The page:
China’s independently-developed large amphibious aircraft AG600 completed its first water surface test flight on Saturday in Jingmen of central China’s Hubei Province.
This is another breakthrough in China’s aviation industry. The AG600, codenamed Kunlong, is designed to be the world’s largest amphibious aircraft. It completed its maiden flight in December 2017.
With a 38.8-meter wingspan, it can take off from the land and water and has a maximum weight of over 53 tons.
From marine to amphibious
As the first of its kind in the country, AG600 was designed based on the Harbin SH-5 maritime bomber, a marine aircraft developed in 60s and 70s. However, the evolution from being marine to amphibious came with an almost impassable technological gap.
“We need to ensure both functions of aerodynamics and hydrodynamic force, integrating the features of an aircraft and ship. It requires us to coordinate the overall layout as well as aerodynamics and hydrodynamic layouts,” said Huang Lingcai, the chief designer of the AG600.
It’s also a big challenge to balance the speed and feasibility.
“We want a fast-speed for the aircraft. However, to ensure a small water-load and strong wave-resistance, we need to slow it down,” said Huang. “Breakthroughs were made in the calculation and analysis, as well as in testing the air-water coupling model, filling a gap in China.”
The designers also developed a plate on the lower part of AG600 to suppress waves which would otherwise spit up into the engine propeller and flap. With this installed, the AG600 can ensure smooth navigation on the water.
Taking off on water is tougher on the structure of the plane and the skill of the pilots too.
“It is more difficult to take off on water than on land, especially on the shock resistance of the plane,” Chen Ming, co-pilot of AG600, told CGTN.
Fire extinguisher and maritime rescuer
With a capacity of 50 people for search-and-rescue missions, the AG600 can collect 12 tons of water in 20 seconds and carry it up to 50 meters above the ground, and it can extinguish a fire in an area of over 4,000 square meters with one spray.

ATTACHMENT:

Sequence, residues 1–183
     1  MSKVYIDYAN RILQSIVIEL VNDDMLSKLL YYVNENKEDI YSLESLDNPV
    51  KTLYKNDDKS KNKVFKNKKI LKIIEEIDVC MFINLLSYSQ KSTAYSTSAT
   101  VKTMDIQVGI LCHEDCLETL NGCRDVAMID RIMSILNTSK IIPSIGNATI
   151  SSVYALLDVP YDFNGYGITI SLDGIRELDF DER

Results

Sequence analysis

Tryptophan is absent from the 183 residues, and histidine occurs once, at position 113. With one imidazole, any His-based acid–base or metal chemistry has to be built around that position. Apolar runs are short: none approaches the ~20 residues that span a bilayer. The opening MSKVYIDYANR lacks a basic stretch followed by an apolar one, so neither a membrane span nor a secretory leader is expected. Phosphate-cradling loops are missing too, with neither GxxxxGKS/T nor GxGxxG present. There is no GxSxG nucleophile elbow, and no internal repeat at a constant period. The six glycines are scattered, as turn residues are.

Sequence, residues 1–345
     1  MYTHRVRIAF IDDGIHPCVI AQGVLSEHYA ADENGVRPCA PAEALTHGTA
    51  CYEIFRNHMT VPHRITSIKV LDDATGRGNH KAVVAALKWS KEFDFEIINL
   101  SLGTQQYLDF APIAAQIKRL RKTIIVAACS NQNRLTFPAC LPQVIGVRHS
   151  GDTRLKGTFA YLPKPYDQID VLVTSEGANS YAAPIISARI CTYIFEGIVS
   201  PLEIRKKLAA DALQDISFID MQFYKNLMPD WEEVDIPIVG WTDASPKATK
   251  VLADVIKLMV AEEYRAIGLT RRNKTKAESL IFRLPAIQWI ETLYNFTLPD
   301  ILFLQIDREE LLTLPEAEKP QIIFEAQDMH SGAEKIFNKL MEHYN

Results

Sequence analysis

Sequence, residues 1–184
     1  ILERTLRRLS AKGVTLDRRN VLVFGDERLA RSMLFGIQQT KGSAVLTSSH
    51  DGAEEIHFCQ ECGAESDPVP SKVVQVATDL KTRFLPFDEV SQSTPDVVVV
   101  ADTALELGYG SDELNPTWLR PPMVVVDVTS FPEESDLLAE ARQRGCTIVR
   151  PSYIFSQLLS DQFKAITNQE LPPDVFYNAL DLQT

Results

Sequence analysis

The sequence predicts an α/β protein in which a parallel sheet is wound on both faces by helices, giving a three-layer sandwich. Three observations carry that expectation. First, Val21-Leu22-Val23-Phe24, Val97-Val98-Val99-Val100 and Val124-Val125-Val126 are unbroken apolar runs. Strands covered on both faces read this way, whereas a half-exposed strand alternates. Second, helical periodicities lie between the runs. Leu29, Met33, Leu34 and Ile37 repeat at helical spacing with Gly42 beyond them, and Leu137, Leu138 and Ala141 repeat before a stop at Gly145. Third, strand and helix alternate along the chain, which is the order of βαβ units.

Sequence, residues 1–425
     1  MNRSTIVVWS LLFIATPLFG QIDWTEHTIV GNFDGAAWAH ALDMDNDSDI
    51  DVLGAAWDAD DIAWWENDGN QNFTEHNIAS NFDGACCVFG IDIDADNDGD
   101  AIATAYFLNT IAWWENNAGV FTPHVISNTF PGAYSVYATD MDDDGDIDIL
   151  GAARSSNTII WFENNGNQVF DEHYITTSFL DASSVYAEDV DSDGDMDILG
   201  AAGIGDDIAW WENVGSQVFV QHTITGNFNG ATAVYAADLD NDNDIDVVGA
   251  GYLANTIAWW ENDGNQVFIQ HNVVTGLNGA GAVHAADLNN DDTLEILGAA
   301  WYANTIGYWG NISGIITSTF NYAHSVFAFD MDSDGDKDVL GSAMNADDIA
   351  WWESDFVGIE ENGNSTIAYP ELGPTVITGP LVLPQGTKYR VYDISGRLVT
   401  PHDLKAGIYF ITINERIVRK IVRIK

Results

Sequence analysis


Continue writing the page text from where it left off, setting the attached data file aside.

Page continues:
The ability to take off and land on complex sea environments makes the AG600 highly efficient for maritime rescue missions.
With top cruising speeds of 500 kilometers per hour – over 10 times that of a salvage ship – and a flight time of up to 12 hours, the plane has the endurance to carry out rescue operations under extreme weather conditions, and resist two-meter-high waves.
Its maximum rescue operation radius extends to 1,600 kilometers, which could cover most of China’s sea areas and exclusive economic zones.
“The current sea rescue is mainly conducted by vessels, and a limited number of helicopters and fixed wing aircrafts. The emergency rescue mechanism, equipment and professional crew all needs further enhancement,” said Lu Guangshan, chief engineer of Aviation Industry Corporation of China. “The AG600 is a step towards addressing the needs of both the maritime economy and forest firefighting. It could also boost China’s middle and long-range emergency sea rescue abilities.”
The AG600 could be also used for other purposes, such as marine environmental monitoring and transportation, as well as for tourism as the high cruising speed and large flight range would allow the aircraft to work as an “airbus,” carrying tourists between airports and islands.
It is estimated that the market need, both domestically and overseas, for China’s AG600 model could reach 280 planes.